Republicans Who Favored Renewable Energy Got Clobbered in the Midterms
You’ve probably had your fill of hot takes from the midterm elections, but this is quite interesting: Republican candidates from across the nation who have favored renewable energy got clobbered in the midterms. This suggests that Republican support for wind and solar did not prevent them from getting ousted by Democratic challengers.
Utility Dive reports thirteen of 45 GOP members of the bipartisan climate caucus in the House lost their seats, as of Thursday morning, while five other retiring Republican members were replaced by Democrats.
This shouldn’t be surprising because climate change and energy policy consistently poll near the bottom of issues voters are concerned about, as you can see from the Pew Research survey below.
From my perspective, moderate Republican candidates seem to think they can use energy and environmental issues as a bargaining chip to placate the electorate into giving them their vote, whether that is supporting stupid forms of energy like wind and solar, or opposing natural resource development like mining, but history shows this is a losing strategy.
We saw this in Minnesota, where Republican House candidate Erik Paulsen ran an ad talking about how he opposed mining mining near the Boundary Waters. Paulsen was hoping to draw a distinction between himself and President Trump, and pick up some votes in the process. It didn’t work, and he was beaten by 11.4 percentage points.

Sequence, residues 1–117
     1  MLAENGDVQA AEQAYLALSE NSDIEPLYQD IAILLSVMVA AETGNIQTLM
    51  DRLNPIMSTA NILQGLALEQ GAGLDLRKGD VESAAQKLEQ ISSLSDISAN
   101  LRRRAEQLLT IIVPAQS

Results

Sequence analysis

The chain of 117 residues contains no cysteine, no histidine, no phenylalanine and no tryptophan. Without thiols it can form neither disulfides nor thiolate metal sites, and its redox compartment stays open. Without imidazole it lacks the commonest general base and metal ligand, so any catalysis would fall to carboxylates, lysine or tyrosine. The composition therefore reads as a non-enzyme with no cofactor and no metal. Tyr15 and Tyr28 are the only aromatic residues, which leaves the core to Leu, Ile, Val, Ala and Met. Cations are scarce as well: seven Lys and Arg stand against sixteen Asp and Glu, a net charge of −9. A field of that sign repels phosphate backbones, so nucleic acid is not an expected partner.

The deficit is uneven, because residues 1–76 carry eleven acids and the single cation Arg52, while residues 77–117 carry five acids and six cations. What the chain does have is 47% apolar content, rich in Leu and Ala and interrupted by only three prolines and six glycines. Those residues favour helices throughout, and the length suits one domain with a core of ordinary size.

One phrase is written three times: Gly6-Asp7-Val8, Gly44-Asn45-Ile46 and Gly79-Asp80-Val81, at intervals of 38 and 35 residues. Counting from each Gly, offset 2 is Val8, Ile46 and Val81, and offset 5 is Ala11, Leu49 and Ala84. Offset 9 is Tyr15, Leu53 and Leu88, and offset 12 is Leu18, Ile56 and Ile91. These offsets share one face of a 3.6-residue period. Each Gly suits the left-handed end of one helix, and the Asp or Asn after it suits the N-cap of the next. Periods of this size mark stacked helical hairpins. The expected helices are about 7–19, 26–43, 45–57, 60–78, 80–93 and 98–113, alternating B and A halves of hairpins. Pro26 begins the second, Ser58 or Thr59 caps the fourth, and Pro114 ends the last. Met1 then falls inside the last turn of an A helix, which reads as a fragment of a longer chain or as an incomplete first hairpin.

Personally, I was disappointed in the ad because copper and nickel mining can be done in an environmentally responsible manner, and the Minnesota DNR obviously agrees because they granted PolyMet a Permit to Mine. If I’d had my drothers, Paulsen would have explained why mining can, and is, being done responsibly around the country, but I understand his intention with running the ad. The only problem is, isn’t a winning strategy.
When polled, most people who say they want more action on global warming and oppose mining are liberal voters, but other issues like healthcare and education are higher on their list of priorities. This means they probably won’t vote Republican just because they voted for more wind or solar or drive an electric car.
Why would they vote for someone who agrees with them on the environment but does not agree with them on issues they care about more? Turns out, they don’t.
My ultimate goal is to persuade the general public that wind and solar are expensive, unreliable sources of electricity that the public has been duped into thinking are “free,” and to help people understand that their lives require an enormous amount of raw materials, like copper, nickel, titanium, and cobalt. We can either mine these materials safely in Minnesota, or we can import them from countries with few, if any, protections for workers or the environment.
This strategy will be the most effective one in the long run.
Places like Canada show that renewable energy programs poll very well until they are the reason why politicians are thrown out of office. This is exactly what happened in Ontario, where skyrocketing electricity prices resulted in Doug Ford winning his election by promising to repeal Ontario’s renewable energy mandate. Turns out, voters do not like having the highest electricity rates in North America.